Questioned about reforms to tackle the issue, he said addressing issues related to loans, financial distress, and blackmail required a comprehensive approach involving various government agencies and stakeholders.

He pointed out the following steps the government had taken in this regard:

  • Financial education and awareness
  • Consumer protection laws
  • Mental health support
  • Strengthening law enforcement
  • Collaboration with financial institutions

Man dies by suicide

The investigation into predatory loan apps was launched after a man died by suicide in Rawalpindi.

The deceased man’s wife, who wished not to be named, told yesterday that her husband had taken two loans from separate mobile apps, one of which had seen its principal plus interest amass to Rs0.7m.

The wife said he had initially taken a loan of Rs13,000 from EasyLoan app, which quickly soared to Rs100,000 a few days later due to interest. To pay back that loan, he took another loan from Bharosa app, which also rose to Rs700,000 in a few weeks, she added.

Her husband, she said, had lost his job six months ago, leaving the family unable to pay for their children’s school fees and rent.

According to her, the officials operating the app “used to call daily to threaten and scare” the family of police action against them if the loan repayment was delayed, and her husband died by suicide after growing tired of the threats.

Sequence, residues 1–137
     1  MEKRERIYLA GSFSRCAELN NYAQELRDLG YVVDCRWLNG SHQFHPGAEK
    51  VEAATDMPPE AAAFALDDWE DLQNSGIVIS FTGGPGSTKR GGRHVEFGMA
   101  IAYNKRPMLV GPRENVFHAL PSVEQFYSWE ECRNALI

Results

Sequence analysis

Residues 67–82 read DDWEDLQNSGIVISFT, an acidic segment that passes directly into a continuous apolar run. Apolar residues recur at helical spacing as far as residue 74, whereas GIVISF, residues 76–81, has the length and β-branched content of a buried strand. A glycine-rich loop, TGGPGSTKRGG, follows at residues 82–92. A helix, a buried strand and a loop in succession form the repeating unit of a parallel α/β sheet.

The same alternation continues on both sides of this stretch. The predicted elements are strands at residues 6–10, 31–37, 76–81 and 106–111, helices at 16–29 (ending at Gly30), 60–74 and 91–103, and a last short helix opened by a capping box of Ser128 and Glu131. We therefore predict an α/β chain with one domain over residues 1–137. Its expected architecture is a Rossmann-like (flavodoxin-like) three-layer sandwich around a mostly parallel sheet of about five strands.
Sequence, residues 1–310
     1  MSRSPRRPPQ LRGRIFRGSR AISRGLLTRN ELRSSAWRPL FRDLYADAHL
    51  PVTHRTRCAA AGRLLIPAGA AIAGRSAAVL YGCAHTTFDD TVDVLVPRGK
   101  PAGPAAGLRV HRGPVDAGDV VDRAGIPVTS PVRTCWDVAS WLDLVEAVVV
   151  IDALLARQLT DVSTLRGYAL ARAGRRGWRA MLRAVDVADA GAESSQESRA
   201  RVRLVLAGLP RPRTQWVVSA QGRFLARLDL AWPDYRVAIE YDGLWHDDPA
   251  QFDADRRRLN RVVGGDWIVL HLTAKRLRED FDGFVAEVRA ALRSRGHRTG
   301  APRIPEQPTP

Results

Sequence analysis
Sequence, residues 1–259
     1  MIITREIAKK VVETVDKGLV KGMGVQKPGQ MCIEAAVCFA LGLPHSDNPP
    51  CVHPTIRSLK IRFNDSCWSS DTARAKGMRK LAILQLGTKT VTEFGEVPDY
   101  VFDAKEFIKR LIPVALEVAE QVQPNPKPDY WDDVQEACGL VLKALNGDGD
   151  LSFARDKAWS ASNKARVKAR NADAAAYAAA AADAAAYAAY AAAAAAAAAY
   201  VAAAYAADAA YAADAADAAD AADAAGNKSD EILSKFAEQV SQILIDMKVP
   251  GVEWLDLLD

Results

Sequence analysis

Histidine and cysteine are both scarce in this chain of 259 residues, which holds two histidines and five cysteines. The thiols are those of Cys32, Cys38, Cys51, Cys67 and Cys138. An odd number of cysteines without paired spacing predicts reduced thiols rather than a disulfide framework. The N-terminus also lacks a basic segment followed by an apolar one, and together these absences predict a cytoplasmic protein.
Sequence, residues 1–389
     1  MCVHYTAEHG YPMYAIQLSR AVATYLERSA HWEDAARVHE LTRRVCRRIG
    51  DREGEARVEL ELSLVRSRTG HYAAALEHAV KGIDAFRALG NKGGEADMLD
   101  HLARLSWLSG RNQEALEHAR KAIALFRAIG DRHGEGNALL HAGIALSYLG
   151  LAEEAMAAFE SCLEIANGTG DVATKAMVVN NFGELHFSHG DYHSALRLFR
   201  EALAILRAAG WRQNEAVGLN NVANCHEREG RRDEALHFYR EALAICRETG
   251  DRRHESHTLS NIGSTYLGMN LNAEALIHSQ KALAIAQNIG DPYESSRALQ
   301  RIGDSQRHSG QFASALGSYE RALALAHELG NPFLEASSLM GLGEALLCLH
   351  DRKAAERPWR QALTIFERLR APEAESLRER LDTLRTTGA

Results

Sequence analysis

Following the incident, the deceased man’s brother, Muzammil Husain, filed a complaint with the Race Course police station under Section 174 (police to inquire to report in suicide, etc) of the Code of Criminal Procedure.

Later, an FIA team, headed by Deputy Director Cyber Crime Tahir Jamil and Additional Director Abdul Rauf visited the man’s family and registered a case after recording their statements, a Dawn report said. reached out to the contact details shown on the apps but did not receive responses.

Luring citizens

Earlier this month, Dawn reported that scores of apps are currently out there luring average folk with instant credit, with misleading terms.

According to research done by Data Darbar, 27 of the apps featuring Google Play Pakistan’s top 100 finance apps were instant credit apps as of June 28. Of them, 19 were offering loans in the local rupee and the top eight alone had estimated downloads of 15.4 million since their launch.

There’s only one more licenced player operating in this space: Sarmaya Microfinance. Many are not registered entities, though the modus operandi of both kinds is similar. Promising low interest rates, they lure users to borrow, often even disbursing the amounts without their confirmation.

However, a sizable chunk of the amount is actually deducted at source, between 21pc and 38pc depending on the app, in the name of service and/or processing charges, which is often for 30-90 day periods, sometimes even less.

Yet the annual percentage rates, which is the total cost of borrowing in annual terms, are reported to be in the range of 11-39pc.